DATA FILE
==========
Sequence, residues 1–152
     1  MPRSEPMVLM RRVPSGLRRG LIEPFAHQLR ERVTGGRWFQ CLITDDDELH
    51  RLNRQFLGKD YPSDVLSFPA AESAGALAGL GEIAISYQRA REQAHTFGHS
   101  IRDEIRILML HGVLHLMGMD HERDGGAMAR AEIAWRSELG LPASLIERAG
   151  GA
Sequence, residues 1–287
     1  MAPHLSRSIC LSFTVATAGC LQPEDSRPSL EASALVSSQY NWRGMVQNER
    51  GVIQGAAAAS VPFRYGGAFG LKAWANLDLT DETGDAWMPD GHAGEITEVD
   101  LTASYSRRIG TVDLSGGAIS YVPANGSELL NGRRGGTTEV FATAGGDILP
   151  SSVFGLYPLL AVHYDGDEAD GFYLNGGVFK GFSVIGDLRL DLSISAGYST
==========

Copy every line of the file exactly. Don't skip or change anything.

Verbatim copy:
Sequence, residues 1–152
     1  MPRSEPMVLM RRVPSGLRRG LIEPFAHQLR ERVTGGRWFQ CLITDDDELH
    51  RLNRQFLGKD YPSDVLSFPA AESAGALAGL GEIAISYQRA REQAHTFGHS
   101  IRDEIRILML HGVLHLMGMD HERDGGAMAR AEIAWRSELG LPASLIERAG
   151  GA
Sequence, residues 1–287
     1  MAPHLSRSIC LSFTVATAGC LQPEDSRPSL EASALVSSQY NWRGMVQNER
    51  GVIQGAAAAS VPFRYGGAFG LKAWANLDLT DETGDAWMPD GHAGEITEVD
   101  LTASYSRRIG TVDLSGGAIS YVPANGSELL NGRRGGTTEV FATAGGDILP
   151  SSVFGLYPLL AVHYDGDEAD GFYLNGGVFK GFSVIGDLRL DLSISAGYST